He’s equally confident in a contest with the world colocation leader Equinix: “In Hong Kong, Equinix is a very respectable partner.” Equinix is also a close neighbor: its HK1, HK2, and HK3 facilities are close to Sunevision’s Jumbo, HK4 is near Mega 2, and HK5 is in the Tseung Kwan O business park next to Mega Plus. Public information suggests Sunevision has more cross-connects than Equinix.

Recycle buildings

Unlike operators in less developed areas, Sunevision builds most of its facilities in converted industrial or commercial buildings. That’s an environmentally sound decision, and one that is also a response to rules from the authorities driven by the very limited availability of land in Hong Kong.

Hong Kong has a large number of old industrial estates, left abandoned as traditional manufacturing moves elsewhere. The administration is reportedly very much in favor of converting these into data centers, as long as they are upgraded to meet the needs for electric power and floor loading.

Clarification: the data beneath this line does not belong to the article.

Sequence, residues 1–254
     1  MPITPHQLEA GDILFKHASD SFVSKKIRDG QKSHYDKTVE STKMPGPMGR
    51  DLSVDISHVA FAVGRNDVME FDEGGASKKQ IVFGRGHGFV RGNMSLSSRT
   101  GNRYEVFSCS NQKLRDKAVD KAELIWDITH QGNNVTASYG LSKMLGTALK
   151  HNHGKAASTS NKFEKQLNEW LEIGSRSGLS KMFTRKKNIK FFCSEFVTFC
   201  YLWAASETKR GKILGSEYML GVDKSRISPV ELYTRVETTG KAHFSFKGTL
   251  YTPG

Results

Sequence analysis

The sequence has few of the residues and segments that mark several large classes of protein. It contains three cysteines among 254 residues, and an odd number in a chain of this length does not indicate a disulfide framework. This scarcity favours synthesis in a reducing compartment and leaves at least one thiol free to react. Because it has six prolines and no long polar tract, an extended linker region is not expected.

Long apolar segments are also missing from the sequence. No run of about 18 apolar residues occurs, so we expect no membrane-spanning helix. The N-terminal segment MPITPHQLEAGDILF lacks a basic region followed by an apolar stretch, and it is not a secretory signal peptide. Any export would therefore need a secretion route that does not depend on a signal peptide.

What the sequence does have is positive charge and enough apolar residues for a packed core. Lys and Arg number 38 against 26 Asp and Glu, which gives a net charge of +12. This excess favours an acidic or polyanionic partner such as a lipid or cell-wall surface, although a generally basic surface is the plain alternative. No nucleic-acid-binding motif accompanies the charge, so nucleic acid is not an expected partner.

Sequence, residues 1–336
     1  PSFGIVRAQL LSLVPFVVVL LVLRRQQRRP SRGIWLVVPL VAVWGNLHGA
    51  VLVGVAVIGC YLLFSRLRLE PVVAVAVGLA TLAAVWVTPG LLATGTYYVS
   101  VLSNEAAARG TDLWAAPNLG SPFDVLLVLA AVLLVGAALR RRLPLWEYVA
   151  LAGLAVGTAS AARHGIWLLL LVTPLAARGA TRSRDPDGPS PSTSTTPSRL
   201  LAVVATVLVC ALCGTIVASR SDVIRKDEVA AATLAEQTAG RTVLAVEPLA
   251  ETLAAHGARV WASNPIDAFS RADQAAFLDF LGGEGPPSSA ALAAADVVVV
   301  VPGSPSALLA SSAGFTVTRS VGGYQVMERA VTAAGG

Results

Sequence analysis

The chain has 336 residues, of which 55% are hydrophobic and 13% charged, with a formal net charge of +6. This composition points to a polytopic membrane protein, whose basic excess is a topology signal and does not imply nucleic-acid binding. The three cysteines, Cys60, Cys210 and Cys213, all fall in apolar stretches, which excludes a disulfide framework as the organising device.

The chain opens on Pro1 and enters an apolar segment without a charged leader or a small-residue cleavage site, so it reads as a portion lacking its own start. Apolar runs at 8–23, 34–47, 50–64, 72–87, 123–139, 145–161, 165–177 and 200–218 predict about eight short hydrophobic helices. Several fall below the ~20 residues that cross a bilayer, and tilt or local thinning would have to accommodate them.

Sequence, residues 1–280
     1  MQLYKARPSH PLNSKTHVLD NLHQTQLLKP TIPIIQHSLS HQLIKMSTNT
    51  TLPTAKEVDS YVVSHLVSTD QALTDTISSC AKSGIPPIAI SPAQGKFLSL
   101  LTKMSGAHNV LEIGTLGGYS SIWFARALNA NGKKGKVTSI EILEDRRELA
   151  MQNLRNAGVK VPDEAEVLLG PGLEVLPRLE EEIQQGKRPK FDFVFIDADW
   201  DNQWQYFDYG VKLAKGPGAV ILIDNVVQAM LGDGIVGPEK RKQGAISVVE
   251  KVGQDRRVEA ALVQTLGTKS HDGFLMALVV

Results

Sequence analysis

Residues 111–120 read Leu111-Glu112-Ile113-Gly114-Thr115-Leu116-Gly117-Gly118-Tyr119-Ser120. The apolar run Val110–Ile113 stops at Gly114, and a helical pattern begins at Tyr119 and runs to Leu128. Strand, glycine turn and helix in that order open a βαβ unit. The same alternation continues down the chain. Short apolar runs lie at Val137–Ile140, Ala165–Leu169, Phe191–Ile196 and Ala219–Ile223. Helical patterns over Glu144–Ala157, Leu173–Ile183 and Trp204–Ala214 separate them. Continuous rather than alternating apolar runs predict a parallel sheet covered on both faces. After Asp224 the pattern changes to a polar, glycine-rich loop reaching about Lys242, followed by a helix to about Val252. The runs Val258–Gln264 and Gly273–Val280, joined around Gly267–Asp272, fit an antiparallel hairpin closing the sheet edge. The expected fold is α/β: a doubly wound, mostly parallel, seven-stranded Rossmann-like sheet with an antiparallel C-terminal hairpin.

Reusing the building reduces some costs and cuts waste, but there’s a bigger reason: time. “If you tear it down, it will take another four to five years. If you know what you want, you can change it.”

Stay local

Two things normally happen to strong local providers: they either attempt to expand beyond their borders, or else they sell to a bigger player like Equinix or DRT, in order to achieve that expansion. Sunevision doesn’t plan on either, says Tong.

“In Hong Kong, we enjoy our core competency,” he says, listing out skills in land acquisition, design know-how, and a knowledge of how to work with local government. “We’ve been serving customers in Hong Kong for 21 years. We have an end-to-end core competence.”